New loan rate for Pennsylvania doctors who require med-mal insurance
Pittsburgh Business Times
The Pennsylvania Medical Society has created a special-rate loan for Pennsylvania Medical Society members to help ease the financial hardships some physicians face in paying for malpractice insurance, the group said Tuesday.
Doctors are required to carry malpractice insurance and the state has helped pay part of the premiums for years. But Gov. Ed Rendell has refused to extend the state’s coverage without improved health care coverage for the uninsured, legislation that passed the House last month but faces stiff opposition in the Senate.
The standoff means doctors must pay the full cost of malpractice insurance starting Tuesday. The medical society’s loan program is available through PNC Bank, which is offering a limited time, one-year unsecured loan in amounts between $10,000 and $100,000 and at a fixed rate of 6.75 percent.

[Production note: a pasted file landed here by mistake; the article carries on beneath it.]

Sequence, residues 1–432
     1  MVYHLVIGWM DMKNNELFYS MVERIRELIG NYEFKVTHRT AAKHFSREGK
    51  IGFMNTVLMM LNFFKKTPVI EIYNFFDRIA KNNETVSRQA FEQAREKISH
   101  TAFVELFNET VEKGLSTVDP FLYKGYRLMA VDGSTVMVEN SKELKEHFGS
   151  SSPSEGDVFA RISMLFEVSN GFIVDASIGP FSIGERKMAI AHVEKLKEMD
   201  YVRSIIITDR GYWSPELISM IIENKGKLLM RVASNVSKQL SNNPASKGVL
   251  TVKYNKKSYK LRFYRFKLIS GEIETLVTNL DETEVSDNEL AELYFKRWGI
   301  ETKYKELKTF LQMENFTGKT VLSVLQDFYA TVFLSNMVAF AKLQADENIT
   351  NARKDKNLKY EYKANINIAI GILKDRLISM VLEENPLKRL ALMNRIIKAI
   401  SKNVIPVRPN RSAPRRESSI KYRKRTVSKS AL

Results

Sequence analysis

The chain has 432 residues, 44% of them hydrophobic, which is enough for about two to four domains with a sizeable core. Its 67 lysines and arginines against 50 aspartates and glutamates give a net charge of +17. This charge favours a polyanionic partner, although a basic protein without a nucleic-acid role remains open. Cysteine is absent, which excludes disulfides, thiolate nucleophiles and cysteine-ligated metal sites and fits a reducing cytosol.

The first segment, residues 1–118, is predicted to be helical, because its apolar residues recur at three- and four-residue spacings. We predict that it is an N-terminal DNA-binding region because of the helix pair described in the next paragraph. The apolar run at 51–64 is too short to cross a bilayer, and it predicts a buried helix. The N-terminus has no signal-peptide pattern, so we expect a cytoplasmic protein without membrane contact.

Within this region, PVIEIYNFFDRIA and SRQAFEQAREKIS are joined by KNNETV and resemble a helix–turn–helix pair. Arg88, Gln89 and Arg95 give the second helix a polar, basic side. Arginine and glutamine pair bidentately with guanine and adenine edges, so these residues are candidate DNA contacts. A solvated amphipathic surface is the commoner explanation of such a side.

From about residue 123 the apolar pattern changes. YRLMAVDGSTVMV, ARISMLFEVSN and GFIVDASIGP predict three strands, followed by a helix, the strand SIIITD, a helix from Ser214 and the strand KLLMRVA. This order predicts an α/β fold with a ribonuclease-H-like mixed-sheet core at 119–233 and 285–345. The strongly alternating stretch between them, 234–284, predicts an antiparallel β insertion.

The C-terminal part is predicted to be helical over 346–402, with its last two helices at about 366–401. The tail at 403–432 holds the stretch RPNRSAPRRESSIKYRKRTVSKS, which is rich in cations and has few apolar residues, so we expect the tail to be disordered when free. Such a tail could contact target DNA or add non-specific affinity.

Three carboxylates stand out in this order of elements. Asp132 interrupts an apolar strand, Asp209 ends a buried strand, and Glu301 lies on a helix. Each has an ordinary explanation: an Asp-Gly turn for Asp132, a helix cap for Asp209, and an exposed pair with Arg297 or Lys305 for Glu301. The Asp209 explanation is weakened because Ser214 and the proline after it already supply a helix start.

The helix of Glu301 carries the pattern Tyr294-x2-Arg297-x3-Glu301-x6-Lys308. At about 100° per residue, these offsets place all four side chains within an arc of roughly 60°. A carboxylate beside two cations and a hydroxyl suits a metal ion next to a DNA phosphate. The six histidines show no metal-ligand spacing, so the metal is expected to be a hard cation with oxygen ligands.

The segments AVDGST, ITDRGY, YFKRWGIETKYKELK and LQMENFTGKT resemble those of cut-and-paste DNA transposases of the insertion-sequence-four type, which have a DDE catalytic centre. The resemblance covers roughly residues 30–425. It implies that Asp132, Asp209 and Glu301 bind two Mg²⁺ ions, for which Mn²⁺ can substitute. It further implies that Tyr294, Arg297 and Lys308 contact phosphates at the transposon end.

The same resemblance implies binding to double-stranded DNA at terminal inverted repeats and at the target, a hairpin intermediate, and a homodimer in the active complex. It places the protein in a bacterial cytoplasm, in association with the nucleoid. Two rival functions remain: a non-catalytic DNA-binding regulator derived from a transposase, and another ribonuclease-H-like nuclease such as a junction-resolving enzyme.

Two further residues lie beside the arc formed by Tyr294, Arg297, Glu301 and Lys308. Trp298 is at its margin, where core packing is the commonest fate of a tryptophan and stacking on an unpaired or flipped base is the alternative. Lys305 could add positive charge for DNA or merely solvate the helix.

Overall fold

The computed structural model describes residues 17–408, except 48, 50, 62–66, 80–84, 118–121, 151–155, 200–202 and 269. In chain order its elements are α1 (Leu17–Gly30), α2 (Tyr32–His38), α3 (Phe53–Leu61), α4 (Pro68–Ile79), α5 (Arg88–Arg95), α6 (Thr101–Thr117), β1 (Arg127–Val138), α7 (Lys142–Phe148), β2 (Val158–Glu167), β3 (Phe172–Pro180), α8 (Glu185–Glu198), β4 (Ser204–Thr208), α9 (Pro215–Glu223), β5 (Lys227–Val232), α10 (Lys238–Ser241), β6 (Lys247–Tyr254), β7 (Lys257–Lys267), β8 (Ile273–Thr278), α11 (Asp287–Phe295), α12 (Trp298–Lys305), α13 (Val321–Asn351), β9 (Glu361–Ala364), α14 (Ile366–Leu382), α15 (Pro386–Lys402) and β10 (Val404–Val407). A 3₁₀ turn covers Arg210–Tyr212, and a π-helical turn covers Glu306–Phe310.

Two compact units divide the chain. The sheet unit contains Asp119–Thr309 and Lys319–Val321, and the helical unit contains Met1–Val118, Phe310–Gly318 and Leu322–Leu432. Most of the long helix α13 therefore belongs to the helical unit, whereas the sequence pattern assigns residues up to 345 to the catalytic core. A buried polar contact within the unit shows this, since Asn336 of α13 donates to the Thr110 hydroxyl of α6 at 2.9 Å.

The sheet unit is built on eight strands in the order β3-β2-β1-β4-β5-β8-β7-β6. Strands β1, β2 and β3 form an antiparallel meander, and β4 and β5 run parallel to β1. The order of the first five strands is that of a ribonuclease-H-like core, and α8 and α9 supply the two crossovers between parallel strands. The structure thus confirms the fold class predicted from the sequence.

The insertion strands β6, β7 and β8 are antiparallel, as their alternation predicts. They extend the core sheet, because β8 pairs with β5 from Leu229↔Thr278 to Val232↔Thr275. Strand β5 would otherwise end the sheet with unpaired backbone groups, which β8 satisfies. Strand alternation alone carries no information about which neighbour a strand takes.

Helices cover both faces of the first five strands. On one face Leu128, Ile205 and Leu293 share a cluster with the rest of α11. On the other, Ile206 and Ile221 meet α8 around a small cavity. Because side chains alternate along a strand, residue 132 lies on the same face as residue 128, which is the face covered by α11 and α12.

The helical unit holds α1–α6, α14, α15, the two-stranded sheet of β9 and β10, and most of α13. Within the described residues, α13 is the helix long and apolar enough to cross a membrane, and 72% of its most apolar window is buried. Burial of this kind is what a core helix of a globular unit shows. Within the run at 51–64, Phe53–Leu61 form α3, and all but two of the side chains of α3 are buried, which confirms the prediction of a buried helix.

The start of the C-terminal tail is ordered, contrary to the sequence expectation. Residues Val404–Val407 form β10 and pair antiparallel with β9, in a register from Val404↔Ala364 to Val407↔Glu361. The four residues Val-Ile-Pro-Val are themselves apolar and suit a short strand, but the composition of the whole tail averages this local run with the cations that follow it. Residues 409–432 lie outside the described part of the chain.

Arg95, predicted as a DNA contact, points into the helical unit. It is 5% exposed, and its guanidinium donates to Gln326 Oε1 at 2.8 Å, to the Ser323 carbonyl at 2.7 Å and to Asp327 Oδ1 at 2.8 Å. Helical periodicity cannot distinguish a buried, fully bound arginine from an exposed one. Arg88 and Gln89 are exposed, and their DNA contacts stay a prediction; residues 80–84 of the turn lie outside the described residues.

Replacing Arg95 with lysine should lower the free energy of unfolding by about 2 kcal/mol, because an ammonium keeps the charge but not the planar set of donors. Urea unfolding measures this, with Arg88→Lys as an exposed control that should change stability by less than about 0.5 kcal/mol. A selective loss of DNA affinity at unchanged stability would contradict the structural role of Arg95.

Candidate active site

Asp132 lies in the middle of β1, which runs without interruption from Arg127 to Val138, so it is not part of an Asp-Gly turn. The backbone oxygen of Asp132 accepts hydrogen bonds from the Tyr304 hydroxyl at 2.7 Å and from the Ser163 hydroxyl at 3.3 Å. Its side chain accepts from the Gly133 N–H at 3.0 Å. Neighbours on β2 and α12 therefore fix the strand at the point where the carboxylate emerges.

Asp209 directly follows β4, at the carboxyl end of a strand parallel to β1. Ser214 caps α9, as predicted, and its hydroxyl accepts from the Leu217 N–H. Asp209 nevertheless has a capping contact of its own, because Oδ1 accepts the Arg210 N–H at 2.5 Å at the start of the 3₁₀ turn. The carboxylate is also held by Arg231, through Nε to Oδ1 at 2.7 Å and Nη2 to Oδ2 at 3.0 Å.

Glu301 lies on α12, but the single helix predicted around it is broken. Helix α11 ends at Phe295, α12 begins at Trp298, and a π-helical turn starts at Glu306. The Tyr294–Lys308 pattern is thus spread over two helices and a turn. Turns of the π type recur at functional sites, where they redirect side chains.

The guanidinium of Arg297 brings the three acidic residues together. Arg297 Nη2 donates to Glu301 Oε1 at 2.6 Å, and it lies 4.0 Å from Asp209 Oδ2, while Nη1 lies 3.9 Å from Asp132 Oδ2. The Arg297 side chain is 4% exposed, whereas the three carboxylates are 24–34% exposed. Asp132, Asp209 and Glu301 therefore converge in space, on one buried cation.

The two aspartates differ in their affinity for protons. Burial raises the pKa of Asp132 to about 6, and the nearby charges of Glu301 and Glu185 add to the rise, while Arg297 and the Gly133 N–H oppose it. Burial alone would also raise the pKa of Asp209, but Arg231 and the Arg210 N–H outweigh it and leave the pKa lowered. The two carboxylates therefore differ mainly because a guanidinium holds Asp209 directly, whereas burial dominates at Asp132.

“We’re like the pickle in the middle on the issue between the administration and Senate Republicans,” said Dr. Peter Lund, an Erie urologist who is president of the Pennsylvania Medical Society. “We support the House bill in its concept; the only problem is how physicians and hospitals would be reimbursed under the Access to Basic Care plan.”
The stalemate over the state’s premium abatement program means North Side-based Triangle Urology Associates will pay $45,000 more annually for malpractice coverage, according to Dr. Jeffrey Cohen. The total cost for the coverage for 10 doctors in the practice is $325,000.
The high cost is partly because of two kidney transplant specialists in the practice, he said. Triangle, which was founded in 1926, is considering asking Allegheny General Hospital to help offset malpractice expenses if the state continues to withhold its help.
Cohen worries that the issue is being driven by Rendell’s aspirations to be considered a candidate for vice president in the Clinton administration or perhaps a Cabinet appointment.
“This is what the Clinton health care program is going to look like,” Cohen said. “Physicians are going to become the General Motors factory workers.
“It appears the governor is being pushed by motives other than the poor, sick children of the Commonwealth of Pennsylvania.”